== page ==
LONDON, March 14 (Reuters) - England batsman Jonathan Trott said mental “burnout” was behind his sudden withdrawal from England’s Ashes tour of Australia and he is now eager to resume his international career.
Trott left the tour after England were thrashed in the first test in November with what was reported to be a “stress-related” illness, but the South Africa-born 32-year-old has refuted suggestions he was suffering with depression.
“People come up to you and say, ‘it’s good to see you’re out and about’ and I‘m like, ‘I‘m not crazy I was just burnt out!',” Trott said in an interview to be aired by Sky Sports on Sunday.
Trott’s second-innings dismissal by Mitchell Johnson at the Gabba was described by Australian batsman David Warner as “weak”, prompting then England coach Andy Flower to accuse the hosts of being disrespectful to the ailing batsman.
“It’s pretty difficult to put into words the emotions to walk away from an Ashes tour - it’s something I never thought I’d have to do and something I hope no cricketer has to do again,” Trott said.
”It was the right decision no doubt, it was something that came about through no one else’s fault other than the situation I found myself in wanting to do so well for England.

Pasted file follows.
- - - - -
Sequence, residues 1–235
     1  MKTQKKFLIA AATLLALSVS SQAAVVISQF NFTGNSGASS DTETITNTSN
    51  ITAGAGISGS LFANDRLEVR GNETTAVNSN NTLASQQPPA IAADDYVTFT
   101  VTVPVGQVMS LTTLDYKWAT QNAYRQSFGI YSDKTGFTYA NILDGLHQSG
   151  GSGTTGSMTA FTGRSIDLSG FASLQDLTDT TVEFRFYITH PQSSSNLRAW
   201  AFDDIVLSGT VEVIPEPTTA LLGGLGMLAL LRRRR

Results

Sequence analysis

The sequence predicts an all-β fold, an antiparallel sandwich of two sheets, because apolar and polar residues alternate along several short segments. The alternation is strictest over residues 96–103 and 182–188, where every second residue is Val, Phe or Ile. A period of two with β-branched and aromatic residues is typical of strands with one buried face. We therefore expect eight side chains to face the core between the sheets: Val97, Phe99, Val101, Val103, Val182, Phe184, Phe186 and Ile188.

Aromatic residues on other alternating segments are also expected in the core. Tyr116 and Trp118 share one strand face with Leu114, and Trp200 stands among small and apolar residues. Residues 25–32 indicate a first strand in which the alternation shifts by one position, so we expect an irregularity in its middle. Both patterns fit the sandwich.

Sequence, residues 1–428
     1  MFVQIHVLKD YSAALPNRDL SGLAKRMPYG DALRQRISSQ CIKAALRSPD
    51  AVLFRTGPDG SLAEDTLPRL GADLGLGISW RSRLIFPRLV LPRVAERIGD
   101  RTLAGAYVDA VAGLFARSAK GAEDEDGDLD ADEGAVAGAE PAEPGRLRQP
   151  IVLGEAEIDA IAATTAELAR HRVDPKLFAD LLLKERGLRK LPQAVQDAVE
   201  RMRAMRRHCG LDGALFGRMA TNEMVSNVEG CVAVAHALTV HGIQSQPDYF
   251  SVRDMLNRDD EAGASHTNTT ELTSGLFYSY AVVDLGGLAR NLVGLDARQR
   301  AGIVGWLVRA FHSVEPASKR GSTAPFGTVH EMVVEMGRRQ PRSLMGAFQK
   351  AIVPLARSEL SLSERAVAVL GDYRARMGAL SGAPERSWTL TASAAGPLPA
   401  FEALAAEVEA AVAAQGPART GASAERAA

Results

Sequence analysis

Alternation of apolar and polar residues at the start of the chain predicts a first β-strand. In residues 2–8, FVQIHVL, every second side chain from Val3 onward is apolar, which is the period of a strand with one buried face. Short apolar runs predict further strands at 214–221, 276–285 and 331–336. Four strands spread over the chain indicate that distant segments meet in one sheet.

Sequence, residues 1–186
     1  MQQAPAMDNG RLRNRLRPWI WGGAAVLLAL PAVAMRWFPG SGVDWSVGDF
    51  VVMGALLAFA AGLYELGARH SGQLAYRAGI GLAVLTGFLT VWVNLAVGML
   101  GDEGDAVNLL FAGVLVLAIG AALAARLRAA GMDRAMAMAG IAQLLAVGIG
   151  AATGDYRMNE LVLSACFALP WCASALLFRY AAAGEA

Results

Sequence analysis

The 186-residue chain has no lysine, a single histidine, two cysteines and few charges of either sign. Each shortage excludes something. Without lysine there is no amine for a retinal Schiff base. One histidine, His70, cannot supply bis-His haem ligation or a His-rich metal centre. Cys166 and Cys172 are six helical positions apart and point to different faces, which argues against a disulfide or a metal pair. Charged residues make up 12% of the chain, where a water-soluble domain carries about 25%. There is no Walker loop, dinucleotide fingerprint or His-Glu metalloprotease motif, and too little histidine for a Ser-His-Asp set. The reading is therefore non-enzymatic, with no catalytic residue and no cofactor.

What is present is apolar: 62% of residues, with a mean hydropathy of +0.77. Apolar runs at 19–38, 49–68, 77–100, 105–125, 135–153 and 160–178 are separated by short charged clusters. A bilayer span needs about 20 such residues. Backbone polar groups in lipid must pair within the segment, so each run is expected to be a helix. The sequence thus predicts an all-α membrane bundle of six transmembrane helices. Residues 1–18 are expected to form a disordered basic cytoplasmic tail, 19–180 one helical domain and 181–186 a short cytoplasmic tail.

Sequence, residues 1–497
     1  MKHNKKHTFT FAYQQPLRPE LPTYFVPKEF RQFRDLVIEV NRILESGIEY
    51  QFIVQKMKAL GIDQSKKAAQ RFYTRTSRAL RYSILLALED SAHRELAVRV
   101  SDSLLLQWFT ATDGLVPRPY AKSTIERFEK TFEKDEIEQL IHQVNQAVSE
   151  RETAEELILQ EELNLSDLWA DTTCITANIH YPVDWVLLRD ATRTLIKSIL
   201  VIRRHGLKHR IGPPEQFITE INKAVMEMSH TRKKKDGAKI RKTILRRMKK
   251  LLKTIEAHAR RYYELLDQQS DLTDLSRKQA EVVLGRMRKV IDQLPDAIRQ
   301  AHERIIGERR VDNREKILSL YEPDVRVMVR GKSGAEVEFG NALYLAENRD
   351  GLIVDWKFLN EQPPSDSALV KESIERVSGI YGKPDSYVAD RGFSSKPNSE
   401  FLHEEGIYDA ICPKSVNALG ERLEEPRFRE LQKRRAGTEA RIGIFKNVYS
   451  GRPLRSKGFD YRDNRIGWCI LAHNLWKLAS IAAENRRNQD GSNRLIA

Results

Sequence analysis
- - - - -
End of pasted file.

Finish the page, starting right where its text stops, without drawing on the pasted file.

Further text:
”I don’t think there’s anything else the ECB or the guys on tour could have done differently. I tried my hardest and ended up finding out myself I had nothing left to give.
”It was very difficult for me to operate close to 100 percent or even 50 percent of what I was capable of.
”I remember day two or day three, it was a bit of a blur, I was getting headaches and all sorts of things and I wasn’t eating properly towards the end and that’s when the sleep started getting disruptive and emotionally that was probably when I was worst and it just boiled over.
“I had nothing left in the tank or the battery - mentally and emotionally pretty drained and had nothing left to give really.”
Trott said he had felt guilty leaving his team mates to toil away for the rest of the series they lost 5-0.
“I’d experienced a lot of success with England and a lot of good times and not many bad times and seeing the guys struggling out there was pretty tough in that I should have been there going through the tough times,” he said.
Trott is now looking forward to the start of the English domestic season with county side Warwickshire and is targeting a return to the international stage against Sri Lanka.
“I think as long as I‘m feeling OK with myself and where my game’s at I think playing international cricket is fine, it’s not that much different,” Trott said.
“There’s obviously the scrutiny and everything but it’s how I feel about my own game and how I feel going forward.” (Reporting by Martyn Herman, editing by Ed Osmond)